Tag Archives: travels

Ferrara

About an hour on the train from Florence (after a change at Bologna), in the Emilia-Romagna is Ferrara, where the rather magnificent Castello Estense was home to the Dukes of Este.

Castello Estense, Ferrara

The Este family rose to power in the late medieval period, building and expanding the castello over the centuries. Right in the centre of the town, the building, and moat, remain well preserved although the interior is rather Spartan, especially compared to somewhere like Florence’s Palazzo Vecchio. Still, the curators have done an impressive job with what little they have. There’s little furniture or wall decoration remaining but the ceilings are beautifully decorated and some rooms’ only floor furnishings are giant sloping mirrors so one can look at the ceilings without craning the neck. There’s also a lovely veranda with orange trees which feels almost Moorish in the bright sunshine: a stark contrast to the damp subterranean dungeons, used to imprison enemies of the Este family through to the sixteenth century.

It is in Ferrara, in the Castello Estense, that Lucrezia Borgia spent the second half of her life as the wife of Alfonso d’Este. She arrived in 1502 with two previous marriages behind her. She never returned to Rome and the nefarious influence of her father and brother. She flourished in Ferrara and although he had been reluctant to marry the notorious Pope’s daughter, Alfonso grew to love Lucrezia and despite numerous infidelities on both sides, their bond seems to have been strong and affectionate. They had six children, of whom four survived into adulthood. Her sister-in-law, Isabella d’Este (1474-1539) never fell under the spell of the charming Lucrezia though and maintained a bitter hostility to her. No doubt fuelled by Lucrezia’s passionate affair with Isabella’s husband, Francesco Gonzaga.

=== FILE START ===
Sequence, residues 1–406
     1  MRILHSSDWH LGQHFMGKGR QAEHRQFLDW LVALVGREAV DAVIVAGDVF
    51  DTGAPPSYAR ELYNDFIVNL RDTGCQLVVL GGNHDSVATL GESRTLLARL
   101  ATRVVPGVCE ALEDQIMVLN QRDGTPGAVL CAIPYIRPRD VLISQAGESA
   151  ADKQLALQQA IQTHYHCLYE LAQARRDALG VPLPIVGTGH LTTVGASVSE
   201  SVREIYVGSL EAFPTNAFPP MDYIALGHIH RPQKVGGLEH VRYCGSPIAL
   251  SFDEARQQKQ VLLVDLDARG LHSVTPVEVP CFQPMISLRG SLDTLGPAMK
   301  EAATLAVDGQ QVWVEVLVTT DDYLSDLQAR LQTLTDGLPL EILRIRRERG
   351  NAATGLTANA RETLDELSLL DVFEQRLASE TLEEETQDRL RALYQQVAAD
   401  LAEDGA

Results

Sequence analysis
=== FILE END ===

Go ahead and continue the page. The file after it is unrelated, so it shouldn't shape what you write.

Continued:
Another point on the Lucrezia Borgia map of Ferrara is the little church, attached to the convent of Poor Clares, of Corpus Domini a short walk to the south. It’s hidden away from the hubbub of the town centre where bicycles trundle about in all directs. There’s little in the way of signs outside it: just a small plague erected in 2002, Ferrara’s Year of Lucrezia Borgia, which notes that inside is the Este tomb and Lucrezia’s grave.

The church is open to the public for two hours in the morning and another two after lunch. A door to the right of the altar leads through to the nuns’ choir where Lucrezia and other members of the Este family are buried, including one of Lucrezia’s daughters, Eleanor (1515-1575), who was a nun at Corpus Domini. Lucrezia is buried with her son Ercole, her husband, his mother, and the infant daughter, Isabella, Lucrezia died giving birth to.

As befits the convent, the nuns’ choir is very quiet and peaceful but brightened by the sun streaming through the simple coloured glass windows. Indeed, the nuns’ choir is much brighter, though more simply decorated, than the main church. When we visited just after Easter, the nun who was present, at the other side of a grill, was very helpful and pleasant though her English was no better than my Italian. She sqeezed a little English guide card through a gap in the grill so I could identify which of the six graves in front of the altar was Lucrezia’s. Sadly, they don’t allow photographs of the graves however I found this one (taken by someone less concerned for respecting the nuns’ wishes!):